If you missed Part 1, Aristotle on the Other Self, click here.
In the Lysis, Socrates is in conversation with two youths, Lysis and Menexenus. Socrates tells the youths that, whereas some people desire horses, or dogs, or gold, or honour, he would rather have a good friend than ‘the best cock or quail in the world’: ‘Yea, by the dog of Egypt, I should greatly prefer a real friend to all the gold of Darius, or even to Darius himself: I am such a lover of friends as that’.
Lysis and Menexenus appear to possess this treasure in each other, so perhaps Menexenus can tell him: when one person loves another, which of the two becomes the friend of the other, the lover or the beloved? Menexenus replies that either may be the friend of the other, that is, they both are friends. Socrates says that this cannot be the case, since one person may love another who does not love him back, or even who hates him. Menexenus suggests that, unless they both love each other, neither is a friend. Socrates disagrees, and explains that if something that does not love in return is not beloved by a lover, then there can be no lovers of things such as horses, dogs, wine, or wisdom. Thus, what is beloved, whether or not it loves in return, may be dear to the lover of it. Such is the case, for example, with children who are too young to love, or who hate their parents for punishing them. This suggests that the beloved is the friend of the lover and the hated one is the enemy of the hater, but the implication is that some people are loved by their enemies and hated by their friends, which seems absurd. Thus, neither the lover nor the beloved can always be said to be a friend to the other.
Socrates suggests that they may have been wrong in their conclusions. He turns for guidance to the poets and philosophers, who say that ‘like loves like’. Socrates argues that this aphorism must only apply to good people, since bad people are in some way unlike themselves and are just as likely to hate other bad people as anyone else. This implies that good people are friends with other good people, whereas bad people do not have any friends at all. However, Socrates remains unconvinced: like cannot be of any use to like, and if people cannot be of any use to one another, then they cannot love each other. It remains possible that they love each other because they are both good, but the good is by definition self-sufficient, and so has no desire for friendship.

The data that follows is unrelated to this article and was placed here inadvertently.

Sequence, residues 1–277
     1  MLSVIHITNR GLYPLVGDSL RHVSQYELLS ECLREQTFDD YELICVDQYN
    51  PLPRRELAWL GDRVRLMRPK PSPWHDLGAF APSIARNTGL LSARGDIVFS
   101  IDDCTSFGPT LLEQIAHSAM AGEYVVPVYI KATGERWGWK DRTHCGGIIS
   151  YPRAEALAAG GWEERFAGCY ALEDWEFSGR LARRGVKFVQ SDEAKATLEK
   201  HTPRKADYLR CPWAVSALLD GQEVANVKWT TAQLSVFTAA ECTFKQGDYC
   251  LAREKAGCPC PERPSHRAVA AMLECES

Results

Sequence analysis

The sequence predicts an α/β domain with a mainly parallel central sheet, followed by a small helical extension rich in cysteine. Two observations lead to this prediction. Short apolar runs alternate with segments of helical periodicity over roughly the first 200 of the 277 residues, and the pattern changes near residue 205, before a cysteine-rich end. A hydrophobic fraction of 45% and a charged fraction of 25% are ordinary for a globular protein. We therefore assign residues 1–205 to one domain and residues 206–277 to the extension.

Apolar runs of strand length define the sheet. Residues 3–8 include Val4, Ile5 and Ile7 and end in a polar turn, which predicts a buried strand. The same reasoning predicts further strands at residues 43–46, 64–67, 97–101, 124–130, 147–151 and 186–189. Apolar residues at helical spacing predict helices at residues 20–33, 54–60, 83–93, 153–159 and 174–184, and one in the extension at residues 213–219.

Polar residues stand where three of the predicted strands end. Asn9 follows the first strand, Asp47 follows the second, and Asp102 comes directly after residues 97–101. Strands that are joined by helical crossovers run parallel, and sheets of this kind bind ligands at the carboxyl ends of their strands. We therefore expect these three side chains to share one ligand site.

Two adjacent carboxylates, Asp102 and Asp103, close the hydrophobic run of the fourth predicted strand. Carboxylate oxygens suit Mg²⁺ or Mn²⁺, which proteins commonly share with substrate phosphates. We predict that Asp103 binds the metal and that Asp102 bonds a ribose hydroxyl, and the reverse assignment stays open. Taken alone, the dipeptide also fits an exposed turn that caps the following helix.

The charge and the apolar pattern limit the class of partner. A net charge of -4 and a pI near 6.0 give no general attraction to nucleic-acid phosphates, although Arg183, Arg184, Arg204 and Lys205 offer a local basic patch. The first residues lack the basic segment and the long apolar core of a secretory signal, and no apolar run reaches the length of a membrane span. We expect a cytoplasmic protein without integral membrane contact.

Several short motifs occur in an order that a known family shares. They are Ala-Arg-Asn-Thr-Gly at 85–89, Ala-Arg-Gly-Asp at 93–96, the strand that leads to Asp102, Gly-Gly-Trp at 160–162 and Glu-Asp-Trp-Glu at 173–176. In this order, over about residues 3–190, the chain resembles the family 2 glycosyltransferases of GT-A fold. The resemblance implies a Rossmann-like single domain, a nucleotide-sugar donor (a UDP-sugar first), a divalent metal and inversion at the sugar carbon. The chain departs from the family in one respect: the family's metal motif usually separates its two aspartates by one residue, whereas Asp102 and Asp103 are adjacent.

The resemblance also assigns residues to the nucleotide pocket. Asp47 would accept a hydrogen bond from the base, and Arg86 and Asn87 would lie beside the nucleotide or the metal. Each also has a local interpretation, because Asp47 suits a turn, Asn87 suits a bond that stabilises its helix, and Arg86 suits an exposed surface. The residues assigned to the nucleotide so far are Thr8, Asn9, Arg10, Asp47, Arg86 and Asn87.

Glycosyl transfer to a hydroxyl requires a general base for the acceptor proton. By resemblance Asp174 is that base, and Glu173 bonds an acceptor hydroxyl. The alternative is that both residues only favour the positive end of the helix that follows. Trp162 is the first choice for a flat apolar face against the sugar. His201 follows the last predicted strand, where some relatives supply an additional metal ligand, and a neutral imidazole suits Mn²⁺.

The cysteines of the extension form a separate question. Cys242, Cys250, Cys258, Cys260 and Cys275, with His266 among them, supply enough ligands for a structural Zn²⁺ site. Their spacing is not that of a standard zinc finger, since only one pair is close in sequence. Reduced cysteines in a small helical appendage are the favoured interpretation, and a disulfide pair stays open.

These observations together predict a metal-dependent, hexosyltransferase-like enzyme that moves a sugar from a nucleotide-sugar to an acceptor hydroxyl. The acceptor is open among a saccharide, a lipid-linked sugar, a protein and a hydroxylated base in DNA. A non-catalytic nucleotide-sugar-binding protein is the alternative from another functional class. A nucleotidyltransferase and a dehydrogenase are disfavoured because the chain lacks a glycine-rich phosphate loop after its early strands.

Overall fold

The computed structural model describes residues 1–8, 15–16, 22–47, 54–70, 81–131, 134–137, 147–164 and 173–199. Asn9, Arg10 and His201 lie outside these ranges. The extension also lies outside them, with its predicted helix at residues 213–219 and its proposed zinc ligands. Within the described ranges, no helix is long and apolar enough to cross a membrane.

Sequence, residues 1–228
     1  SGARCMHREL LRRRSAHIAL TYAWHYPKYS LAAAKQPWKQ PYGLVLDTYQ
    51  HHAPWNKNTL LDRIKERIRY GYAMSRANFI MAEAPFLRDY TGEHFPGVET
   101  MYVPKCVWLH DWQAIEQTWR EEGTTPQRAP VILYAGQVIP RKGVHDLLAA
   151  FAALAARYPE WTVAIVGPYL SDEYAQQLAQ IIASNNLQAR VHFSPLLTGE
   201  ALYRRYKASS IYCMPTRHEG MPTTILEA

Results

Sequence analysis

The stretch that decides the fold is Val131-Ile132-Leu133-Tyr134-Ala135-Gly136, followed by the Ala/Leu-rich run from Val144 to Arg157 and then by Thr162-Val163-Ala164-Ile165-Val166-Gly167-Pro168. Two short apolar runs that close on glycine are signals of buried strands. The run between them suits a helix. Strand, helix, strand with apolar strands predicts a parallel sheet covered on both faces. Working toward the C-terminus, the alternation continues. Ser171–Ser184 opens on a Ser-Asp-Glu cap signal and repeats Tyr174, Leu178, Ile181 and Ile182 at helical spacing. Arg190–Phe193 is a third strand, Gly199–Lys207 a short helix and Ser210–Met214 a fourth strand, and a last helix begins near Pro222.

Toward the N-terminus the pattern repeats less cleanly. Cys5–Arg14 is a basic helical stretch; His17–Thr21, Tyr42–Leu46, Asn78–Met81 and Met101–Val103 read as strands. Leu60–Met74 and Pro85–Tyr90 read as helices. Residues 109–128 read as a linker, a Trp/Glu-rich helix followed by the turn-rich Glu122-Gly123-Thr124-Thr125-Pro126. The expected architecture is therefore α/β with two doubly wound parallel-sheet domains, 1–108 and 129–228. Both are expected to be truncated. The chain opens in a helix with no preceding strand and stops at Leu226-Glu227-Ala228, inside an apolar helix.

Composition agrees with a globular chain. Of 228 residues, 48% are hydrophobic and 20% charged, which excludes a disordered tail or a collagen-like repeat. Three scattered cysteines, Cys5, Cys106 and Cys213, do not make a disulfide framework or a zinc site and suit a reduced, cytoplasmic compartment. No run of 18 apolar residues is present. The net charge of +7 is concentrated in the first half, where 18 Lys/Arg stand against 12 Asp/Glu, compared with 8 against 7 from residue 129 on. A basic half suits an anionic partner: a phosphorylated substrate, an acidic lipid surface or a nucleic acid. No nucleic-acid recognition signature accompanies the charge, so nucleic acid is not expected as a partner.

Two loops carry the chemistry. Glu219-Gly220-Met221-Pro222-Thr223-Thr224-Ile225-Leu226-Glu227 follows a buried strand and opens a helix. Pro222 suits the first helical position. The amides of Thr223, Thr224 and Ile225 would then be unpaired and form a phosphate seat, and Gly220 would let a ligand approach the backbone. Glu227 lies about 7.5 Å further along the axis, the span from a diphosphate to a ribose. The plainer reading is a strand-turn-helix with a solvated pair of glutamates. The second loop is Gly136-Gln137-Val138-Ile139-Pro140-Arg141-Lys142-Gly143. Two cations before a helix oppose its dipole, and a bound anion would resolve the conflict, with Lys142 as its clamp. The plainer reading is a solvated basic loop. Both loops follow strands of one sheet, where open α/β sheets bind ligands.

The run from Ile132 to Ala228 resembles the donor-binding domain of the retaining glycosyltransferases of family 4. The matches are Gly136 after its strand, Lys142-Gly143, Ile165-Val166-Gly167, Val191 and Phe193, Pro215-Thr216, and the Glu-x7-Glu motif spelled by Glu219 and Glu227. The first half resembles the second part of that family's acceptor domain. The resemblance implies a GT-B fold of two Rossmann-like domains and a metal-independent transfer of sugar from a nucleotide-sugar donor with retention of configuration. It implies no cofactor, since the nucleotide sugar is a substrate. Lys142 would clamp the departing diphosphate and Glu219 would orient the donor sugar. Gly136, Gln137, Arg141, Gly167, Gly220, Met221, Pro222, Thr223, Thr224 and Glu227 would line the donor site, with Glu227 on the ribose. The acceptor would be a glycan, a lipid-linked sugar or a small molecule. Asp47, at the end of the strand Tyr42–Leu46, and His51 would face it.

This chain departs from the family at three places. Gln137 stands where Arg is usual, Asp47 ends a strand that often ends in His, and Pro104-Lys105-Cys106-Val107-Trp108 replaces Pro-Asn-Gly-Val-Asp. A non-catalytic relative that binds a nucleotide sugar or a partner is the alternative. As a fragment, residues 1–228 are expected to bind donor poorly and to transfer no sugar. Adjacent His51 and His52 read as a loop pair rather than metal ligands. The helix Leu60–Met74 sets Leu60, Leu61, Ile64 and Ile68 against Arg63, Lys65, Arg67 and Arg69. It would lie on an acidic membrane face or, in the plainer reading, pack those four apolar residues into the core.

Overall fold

What place then is there for friendship, if, when absent, good men have no need of one another (for even when alone they are sufficient for themselves), and when present have no use of one another? How can such persons ever be induced to value one another?
Socrates suspects that he may have been wrong in thinking that like loves like. He quotes Hesiod in saying that ‘the most like are most full of envy, strife, and hatred of one another, and the most unlike, of friendship’. Menexenus thinks that Hesiod is right in saying that friendship is born not in likeness but in dissimilarity, but Socrates is sceptical as the implications are not only that the enemy is the friend of the friend and the friend the friend of the enemy, but also that the just man is the friend of the unjust, the good man the friend of the bad, and so on. This, he says, is simply monstrous. Thus, neither like and like nor unlike and unlike can be friends.
If neither like and like nor unlike and unlike can be friends, then the friend of the good is neither the good nor the bad, but the neither–good–nor–bad. Since like and like cannot be friends, the neither–good–nor–bad cannot be friends with the neither–good–nor–bad, and since no one can be friends with the bad, the neither–good–nor–bad cannot be friends with the bad either. Thus, the neither–good–nor–bad must be friends with the good, who, Socrates says, are also possessed of beauty, that ‘soft, smooth, slippery thing’ that ‘easily slips in and permeates our souls’. While the good and beautiful cannot be friends with the good and beautiful or with the bad, there is nothing to stop them from being friends with the neither–good–nor–bad. For example, the body is neither good nor bad, but if it is corrupted by sickness, which is bad, then it becomes the friend of the physician. The fact that the body is corrupted by something bad does not make it bad, just as covering Menexenus’ auburn locks with white lead does not make them white. Socrates concludes that they have at long last discovered the nature of friendship: ‘it is the love which, by reason of the presence of evil, the neither good nor evil has of the good, either in the soul, or in the body, or anywhere.’However, an ‘unaccountable suspicion’ comes over him, and he begins to doubt this conclusion.